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Taxable Income for Non-Resident Actors Working in Canada: A Guide for Corporations

As a non-resident actor working in Canada, understanding the tax implications of your acting fees is crucial. In this blog post, we’ll explore how corporations can handle taxable income related to acting services. Let’s dive in!


Can I Use My Corporation to Receive Acting Fees?


Yes, you may use a corporation to receive your acting fees. However, there are important considerations:


  1. Tax Withholding: When your corporation receives acting fees, a 23% tax will be withheld from the gross amount paid or credited. This ensures compliance with Canadian tax regulations.


  1. Electing to File a Tax Return: Even if you use a corporation, you can still elect to file a tax return. The corporation must account for income earned in Canada at the rate applicable to corporations. This involves considering both income and expenses related to the acting services provided within Canada.


Electing to File a Return: What You Need to Know

  1. Corporation’s Choice: If your corporation elects to file a tax return, it must pay tax on the income earned in Canada. This tax rate aligns with corporate rates.

  2. Related Individual Non-Resident Actor: If the corporation has made payments to a related individual non-resident actor (such as yourself), that actor must also file an elective return.

Tax Treatment of Payments from the Corporation


You have two options:


  1. Option 1: The corporation pays 23% tax on the total amount of payments received for acting services. In this scenario, no additional tax is payable on payments to you from the corporation.


  1. Option 2: The corporation elects to file a tax return. Here’s how it works:

  • Calculate the corporation’s income subject to tax, considering payments made to you.

  • You, as an individual, must also file a tax return. Pay tax on the income earned for acting services in Canada, including payments received from the corporation.


Corporate Income Tax Rates


For corporations other than Canadian Controlled Private Corporations (CCPCs):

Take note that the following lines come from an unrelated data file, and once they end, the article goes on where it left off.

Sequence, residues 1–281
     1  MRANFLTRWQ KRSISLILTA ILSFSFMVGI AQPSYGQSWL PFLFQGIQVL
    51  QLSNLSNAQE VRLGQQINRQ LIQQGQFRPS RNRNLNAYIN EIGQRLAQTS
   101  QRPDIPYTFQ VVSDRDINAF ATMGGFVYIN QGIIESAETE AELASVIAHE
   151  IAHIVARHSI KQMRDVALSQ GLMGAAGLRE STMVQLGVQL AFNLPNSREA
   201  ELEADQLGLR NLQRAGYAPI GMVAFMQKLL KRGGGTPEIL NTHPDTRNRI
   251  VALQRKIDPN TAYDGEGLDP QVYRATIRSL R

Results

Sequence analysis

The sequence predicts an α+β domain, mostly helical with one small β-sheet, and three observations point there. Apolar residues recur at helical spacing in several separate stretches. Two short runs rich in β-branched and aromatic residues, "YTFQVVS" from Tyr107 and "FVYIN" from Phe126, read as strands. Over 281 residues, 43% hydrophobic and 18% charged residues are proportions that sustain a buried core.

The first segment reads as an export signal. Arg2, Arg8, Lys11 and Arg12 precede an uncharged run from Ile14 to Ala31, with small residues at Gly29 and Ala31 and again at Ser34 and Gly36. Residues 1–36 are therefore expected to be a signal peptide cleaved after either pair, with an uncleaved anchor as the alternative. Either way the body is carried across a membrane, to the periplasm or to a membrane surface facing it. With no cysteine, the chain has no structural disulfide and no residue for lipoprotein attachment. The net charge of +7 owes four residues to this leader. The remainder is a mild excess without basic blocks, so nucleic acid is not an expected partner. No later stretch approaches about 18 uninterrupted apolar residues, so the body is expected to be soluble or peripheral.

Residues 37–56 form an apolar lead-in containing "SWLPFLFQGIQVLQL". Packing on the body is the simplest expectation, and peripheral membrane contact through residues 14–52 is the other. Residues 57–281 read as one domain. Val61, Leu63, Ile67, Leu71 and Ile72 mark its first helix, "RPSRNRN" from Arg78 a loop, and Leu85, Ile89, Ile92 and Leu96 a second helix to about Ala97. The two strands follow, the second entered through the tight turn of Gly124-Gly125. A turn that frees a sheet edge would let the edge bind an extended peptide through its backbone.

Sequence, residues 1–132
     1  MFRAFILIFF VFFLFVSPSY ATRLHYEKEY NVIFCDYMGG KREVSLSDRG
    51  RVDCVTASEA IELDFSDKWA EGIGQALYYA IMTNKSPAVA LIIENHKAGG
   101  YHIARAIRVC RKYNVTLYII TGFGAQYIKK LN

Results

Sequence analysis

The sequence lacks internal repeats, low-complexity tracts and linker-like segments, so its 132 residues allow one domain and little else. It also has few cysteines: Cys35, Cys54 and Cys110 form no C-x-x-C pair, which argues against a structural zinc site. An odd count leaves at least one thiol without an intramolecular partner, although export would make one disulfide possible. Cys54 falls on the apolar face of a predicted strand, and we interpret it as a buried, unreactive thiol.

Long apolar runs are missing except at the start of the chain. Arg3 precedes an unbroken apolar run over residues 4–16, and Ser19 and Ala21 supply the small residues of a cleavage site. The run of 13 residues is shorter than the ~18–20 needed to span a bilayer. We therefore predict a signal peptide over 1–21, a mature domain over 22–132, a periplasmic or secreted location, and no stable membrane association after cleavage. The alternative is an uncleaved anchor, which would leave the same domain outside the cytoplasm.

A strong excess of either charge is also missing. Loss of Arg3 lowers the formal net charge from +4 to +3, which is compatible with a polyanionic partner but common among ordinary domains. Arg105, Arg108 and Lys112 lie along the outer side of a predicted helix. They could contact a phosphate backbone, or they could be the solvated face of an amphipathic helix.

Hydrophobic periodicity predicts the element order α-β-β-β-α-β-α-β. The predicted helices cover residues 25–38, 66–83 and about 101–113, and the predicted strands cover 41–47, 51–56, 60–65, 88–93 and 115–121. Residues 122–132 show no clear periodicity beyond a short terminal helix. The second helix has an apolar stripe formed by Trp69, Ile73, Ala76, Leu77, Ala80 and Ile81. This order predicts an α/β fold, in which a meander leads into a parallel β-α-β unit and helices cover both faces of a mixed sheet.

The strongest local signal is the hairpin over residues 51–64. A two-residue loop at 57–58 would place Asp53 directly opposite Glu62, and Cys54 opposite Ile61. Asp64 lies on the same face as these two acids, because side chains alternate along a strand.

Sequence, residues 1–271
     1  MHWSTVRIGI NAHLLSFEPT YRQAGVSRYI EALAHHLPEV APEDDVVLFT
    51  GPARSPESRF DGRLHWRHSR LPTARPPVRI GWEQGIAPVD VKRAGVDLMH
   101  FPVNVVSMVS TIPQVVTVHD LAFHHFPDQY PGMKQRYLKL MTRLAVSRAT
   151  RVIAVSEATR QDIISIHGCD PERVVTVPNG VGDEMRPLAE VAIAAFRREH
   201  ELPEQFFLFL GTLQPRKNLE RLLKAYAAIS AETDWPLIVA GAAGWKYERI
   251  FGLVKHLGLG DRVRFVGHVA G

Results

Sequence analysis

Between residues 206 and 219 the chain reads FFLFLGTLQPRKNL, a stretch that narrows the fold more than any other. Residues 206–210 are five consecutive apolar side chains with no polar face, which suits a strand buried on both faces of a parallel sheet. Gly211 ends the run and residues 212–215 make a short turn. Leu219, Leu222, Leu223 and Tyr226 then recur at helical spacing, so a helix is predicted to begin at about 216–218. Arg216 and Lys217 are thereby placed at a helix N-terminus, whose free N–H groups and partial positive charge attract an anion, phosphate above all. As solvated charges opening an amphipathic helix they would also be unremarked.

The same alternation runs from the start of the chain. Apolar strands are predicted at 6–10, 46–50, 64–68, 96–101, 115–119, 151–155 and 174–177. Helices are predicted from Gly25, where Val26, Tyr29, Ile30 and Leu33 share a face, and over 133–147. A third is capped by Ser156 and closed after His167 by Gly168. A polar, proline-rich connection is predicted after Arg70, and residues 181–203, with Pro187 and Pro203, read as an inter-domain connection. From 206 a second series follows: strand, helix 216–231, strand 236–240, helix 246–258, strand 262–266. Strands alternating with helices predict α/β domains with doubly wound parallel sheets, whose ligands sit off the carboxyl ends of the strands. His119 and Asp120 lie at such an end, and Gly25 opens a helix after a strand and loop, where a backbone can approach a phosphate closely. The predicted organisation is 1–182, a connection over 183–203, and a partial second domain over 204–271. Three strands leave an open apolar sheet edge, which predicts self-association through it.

• Base Amount of Part I Tax: The basic rate of Part I tax is 38% of taxable income.

  • Federal Tax Abatement: The federal tax abatement equals 10% of taxable income earned in a Canadian province or territory.

  • General Tax Reduction: Corporations benefit from a 13% general tax reduction on qualifying income. Note that this reduction applies only to taxable income subject to a specific rate.

Remember to consult a tax professional or accountant to ensure compliance with all regulations. Proper tax planning can help you maximize your earnings while fulfilling your obligations as a non-resident actor in Canada.

Calculating Corporate Tax:

Let’s walk through an example to calculate the corporate tax for a non-resident actor in Canada.

Suppose the following details apply:

  • Taxable Income: $739,000

Step 1: Basic Income Tax

The basic income tax is calculated as follows:

Basic Income Tax=Taxable Income×Tax Rate

where the tax rate is 38%.

Substitute the values:

Basic Income Tax=$739,000×0.38=$280,820

Step 2: Federal Tax Abatement

The federal tax abatement is equal to 10% of the taxable income earned in a Canadian province or territory:

Federal Tax Abatement=Taxable Income×0.10

Substitute the values:

Federal Tax Abatement=$739,000×0.10=$73,900

Step 3: General Tax Reduction

A general tax reduction of 13% is available on qualifying income:

General Tax Reduction=Taxable Income×0.13

Substitute the values:

General Tax Reduction=$739,000×0.13=$96,070

Step 4: Total Taxes Payable

Now let’s calculate the total taxes payable:

Taxes Payable=Basic Income Tax−(Federal Tax Abatement + General Tax Reduction)

Substitute the values:

Taxes Payable=$280,820−($73,900+$96,070)=$110,850

Therefore, the non-resident actor’s taxes payable amount to $110,850 (15% of the taxable income).

Remember that tax planning and consulting with a professional are essential to ensure accurate compliance with Canadian tax regulations.


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